Improve Your ID-4801's Personality

This document was last updated on Saturday, 2 April 2005.
Internal changes only; no change to content.

Personality Heart


Have you ever written a program that you intended to put in EPROM but found that the program required more memory than your 16K ID-4801 EPROM Programmer could provide? Or you were intending to customize your computer's monitor ROM but realized that it resided in a 32x8K EPROM and wouldn't work with your 16K ID-4801 EPROM Programmer? Well, this article might be what you're looking for.

Programming 32K EPROMs was something I hadn't paid much attention too until recently when I had to analyze and modify some 32K x 8 EPROMs. After studying the ID-4801 schematic and recalling some facts the engineer told me, I realized that it wouldn't be too hard to build a 32K X 8 personality module for the ID-4801. Nor am I the first. Upon checking around, at least one other individual has designed 32K x 8 personality module for the machine In any case, it was an independent discovery. For that matter, some of you lD-4801 owners may have analyzed the schematic and figured it out for yourselves. (It makes you wonder if the engineer might have planned that option for future expanson.)

Theory Of Operation

The IC to be programmed is a CMOS 27C256 32K X 8 EPROM. That is the type of chip I tested my personality module on, but, from reading the chip specifications, the module should also work with a standard 27256 chip.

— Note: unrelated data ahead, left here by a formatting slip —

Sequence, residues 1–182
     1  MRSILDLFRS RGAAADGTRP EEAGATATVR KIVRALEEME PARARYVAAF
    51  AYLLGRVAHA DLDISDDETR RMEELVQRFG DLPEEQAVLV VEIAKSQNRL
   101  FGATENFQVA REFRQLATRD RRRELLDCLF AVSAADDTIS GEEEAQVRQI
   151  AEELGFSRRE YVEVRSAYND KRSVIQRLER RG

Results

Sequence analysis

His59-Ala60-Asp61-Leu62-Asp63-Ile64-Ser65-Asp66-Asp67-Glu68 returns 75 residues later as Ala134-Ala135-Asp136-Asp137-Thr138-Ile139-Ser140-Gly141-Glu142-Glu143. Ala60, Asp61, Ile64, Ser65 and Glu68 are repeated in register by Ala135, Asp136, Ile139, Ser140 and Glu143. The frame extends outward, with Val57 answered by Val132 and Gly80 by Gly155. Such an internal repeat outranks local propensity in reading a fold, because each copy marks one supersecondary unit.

The 27C256 personality module is a modification of the 27128 series modules. To see how the '256 works, refer to the schematic diagram in Figure 1 as you read the following.

Like the 27128 EPROM, the address lines at Al0, All, and A13 connect to pins 21, 23, and 26, respectively, of the 27C256 EPROM. The major difference is that pin 27 has been changed from a program line (PGM) to the A14 address line. This line connects through pin 18 of the personality module to the tongue of a built-in DPST toggle switch. One pole of this switch connects to ground while the other connects to +5V DC. When the switch is in the ground position, the ID-4801 will access the lower 16K of the EPROM, or addresses 000000000000000-111111111111111 in binary (the left digit is the A14 line). When the switch is in the +5V DC position, the ID-4801 accesses the upper 16K, or 100000000000000-111111111111111 in binary. So all that's necessary to program the complete 16K is to transfer the lower 16K of data to the ID-4801, program it, flip the switch, transfer the upper 16K, and program it.

The two diodes at Dl and D2 ensure that the programming voltage is the correct value at pin 1 of the EPROM. D2 drops the maximum programming voltage to about +12.5 volts while D1 puts the minimum at +5 volts.The TCE line (target chip enable) at pin 8 drops from +5 volts to zero volts to enable the EPROM for programming or reading. TOE (target output enable) at pin 9 goes low during a read to place the addressed EPROM data onto the bus.